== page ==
So far as Rs. 785 is concerned, the finding is that the amount has been spent in connection with the construction. Whoever does anything with the intention of causing wrongful gain to one person or wrongful loss to another person, is said to do that thing 'dishonestly', (Section 24 I. P. C.) ' wrongful gain ' is gain by unlawful means of property to which the person gaining is not legally entitled. (Section 23 I. P. C.). Once the finding is that Rs. 785 had been spent for requisite purpose for which authority had been granted, the petitioner makes no wrongful gain to himself. On the same reasoning he causes no wrongful loss to the Panchayat as the amount had been spent for the purpose for which he was authorised and the amount would be re-deposited in the Panchayat Fund after obtaining the same from the Government. Thus on the finding that Rs. 785 had been spent in connection with the construction, the petitioner cannot be said to have acted dishonestly. Once this ingredient is absent, no offence of criminal breach of trust can be committed.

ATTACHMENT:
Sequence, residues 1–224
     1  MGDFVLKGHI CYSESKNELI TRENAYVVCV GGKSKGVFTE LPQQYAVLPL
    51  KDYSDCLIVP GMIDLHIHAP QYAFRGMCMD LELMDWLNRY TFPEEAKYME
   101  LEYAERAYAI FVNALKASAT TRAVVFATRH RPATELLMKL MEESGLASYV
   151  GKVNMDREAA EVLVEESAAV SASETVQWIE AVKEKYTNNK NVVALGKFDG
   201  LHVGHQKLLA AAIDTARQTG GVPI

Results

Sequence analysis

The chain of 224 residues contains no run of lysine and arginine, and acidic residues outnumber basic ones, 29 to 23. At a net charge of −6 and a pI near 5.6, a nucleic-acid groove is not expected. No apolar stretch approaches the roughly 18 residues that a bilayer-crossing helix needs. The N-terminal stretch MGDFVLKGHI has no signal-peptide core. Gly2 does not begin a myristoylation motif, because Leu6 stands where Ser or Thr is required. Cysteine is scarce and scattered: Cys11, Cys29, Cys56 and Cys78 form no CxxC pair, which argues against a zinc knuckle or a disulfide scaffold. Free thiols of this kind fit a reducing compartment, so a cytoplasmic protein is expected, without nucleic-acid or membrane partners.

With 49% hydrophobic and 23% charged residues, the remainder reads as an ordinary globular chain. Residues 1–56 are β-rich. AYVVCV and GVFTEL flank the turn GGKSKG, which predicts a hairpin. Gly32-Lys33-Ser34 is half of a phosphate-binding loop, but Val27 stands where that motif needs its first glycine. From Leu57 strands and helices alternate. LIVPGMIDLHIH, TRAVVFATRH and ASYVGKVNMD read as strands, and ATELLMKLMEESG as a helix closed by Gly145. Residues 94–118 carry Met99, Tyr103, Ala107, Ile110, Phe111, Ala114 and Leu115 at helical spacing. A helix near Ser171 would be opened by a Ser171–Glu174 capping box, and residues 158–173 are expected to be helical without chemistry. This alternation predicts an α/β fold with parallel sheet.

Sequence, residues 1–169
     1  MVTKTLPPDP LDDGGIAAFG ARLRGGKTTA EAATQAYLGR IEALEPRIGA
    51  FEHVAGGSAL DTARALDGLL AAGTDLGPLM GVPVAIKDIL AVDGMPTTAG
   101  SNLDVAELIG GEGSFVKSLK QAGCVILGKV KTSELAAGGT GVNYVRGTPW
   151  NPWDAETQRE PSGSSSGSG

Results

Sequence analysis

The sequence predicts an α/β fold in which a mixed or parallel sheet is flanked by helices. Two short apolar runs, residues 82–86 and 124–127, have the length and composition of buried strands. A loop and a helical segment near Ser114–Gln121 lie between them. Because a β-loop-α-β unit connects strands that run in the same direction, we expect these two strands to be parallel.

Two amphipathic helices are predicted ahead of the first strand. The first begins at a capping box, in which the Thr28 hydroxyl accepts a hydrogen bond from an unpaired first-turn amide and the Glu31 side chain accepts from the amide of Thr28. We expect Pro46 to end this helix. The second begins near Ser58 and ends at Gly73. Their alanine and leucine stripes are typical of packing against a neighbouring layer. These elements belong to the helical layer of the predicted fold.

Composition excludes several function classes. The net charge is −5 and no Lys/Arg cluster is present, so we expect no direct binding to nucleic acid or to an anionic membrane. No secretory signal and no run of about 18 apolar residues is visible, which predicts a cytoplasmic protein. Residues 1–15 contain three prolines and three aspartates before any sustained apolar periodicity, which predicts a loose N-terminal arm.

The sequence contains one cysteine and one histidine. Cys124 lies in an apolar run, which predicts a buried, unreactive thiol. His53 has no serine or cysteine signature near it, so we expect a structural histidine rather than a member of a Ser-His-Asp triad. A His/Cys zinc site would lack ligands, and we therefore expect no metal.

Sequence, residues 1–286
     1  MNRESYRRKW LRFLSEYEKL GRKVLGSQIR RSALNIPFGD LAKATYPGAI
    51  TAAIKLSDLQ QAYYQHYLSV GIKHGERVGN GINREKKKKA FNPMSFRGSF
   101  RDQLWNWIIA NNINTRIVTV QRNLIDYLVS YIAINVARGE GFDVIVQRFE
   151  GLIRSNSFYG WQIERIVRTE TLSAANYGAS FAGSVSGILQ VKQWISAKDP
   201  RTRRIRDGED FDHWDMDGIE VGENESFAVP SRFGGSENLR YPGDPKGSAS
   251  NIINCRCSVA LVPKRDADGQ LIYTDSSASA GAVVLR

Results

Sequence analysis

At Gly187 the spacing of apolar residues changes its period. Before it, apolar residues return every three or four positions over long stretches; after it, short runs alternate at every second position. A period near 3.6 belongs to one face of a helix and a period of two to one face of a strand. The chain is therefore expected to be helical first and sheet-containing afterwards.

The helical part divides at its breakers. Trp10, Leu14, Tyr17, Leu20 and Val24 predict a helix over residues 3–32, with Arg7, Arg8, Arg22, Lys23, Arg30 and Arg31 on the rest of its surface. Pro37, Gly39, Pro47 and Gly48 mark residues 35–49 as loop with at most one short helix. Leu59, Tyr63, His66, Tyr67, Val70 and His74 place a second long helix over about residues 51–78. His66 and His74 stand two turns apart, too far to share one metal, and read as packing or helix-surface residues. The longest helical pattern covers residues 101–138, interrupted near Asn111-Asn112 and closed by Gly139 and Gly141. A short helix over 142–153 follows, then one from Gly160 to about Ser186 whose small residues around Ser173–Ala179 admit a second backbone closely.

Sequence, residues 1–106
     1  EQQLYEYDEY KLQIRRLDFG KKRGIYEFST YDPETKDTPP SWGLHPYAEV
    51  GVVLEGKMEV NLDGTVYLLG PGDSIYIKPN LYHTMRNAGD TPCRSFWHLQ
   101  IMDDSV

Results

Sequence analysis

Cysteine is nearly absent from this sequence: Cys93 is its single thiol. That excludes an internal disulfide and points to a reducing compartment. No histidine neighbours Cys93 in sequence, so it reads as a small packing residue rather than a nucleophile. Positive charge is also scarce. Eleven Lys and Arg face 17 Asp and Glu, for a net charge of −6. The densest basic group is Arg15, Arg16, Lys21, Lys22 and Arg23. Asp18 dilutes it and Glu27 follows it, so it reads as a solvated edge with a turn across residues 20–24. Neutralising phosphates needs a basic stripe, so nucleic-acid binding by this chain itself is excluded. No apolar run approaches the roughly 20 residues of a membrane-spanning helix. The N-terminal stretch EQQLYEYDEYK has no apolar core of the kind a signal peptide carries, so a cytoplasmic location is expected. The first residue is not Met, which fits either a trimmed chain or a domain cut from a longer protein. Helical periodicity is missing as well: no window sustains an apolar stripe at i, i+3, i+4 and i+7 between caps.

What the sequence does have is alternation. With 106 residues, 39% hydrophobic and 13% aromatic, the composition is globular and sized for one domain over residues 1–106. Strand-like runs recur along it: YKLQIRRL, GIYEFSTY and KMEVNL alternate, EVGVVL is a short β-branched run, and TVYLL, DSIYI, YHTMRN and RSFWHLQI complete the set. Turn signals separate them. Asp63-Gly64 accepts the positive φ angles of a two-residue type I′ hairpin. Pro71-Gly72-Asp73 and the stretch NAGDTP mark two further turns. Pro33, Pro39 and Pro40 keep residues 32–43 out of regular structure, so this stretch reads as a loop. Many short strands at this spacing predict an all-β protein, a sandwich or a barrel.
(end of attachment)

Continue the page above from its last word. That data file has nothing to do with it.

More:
The only charge against the petitioner would be that his withdrawal from the Panchayat Fund was unauthorised until Rs. 2,400, taken from the Government, had been spent. On that footing alone, the offence is not established. All the elements must be fulfilled before the prosecution can bring the charge under Section 409 I. P. C. home to the accused.

The accused is, therefore, entitled to an acquittal, though his conduct is reprehensive and his civil liability subsists.

10. Mr. S. C. Mohapatra, had raised a contention that in the absence of sanction, the prosecution was illegal and without jurisdiction. In view of my finding on the merits of the case, it is unnecessary to examine this point.

11. In the result, the conviction and sentence passed on the petitioner are set aside and he is acquitted. His bail bond be discharged. Fines, if paid, be refunded. The Criminal revision is allowed.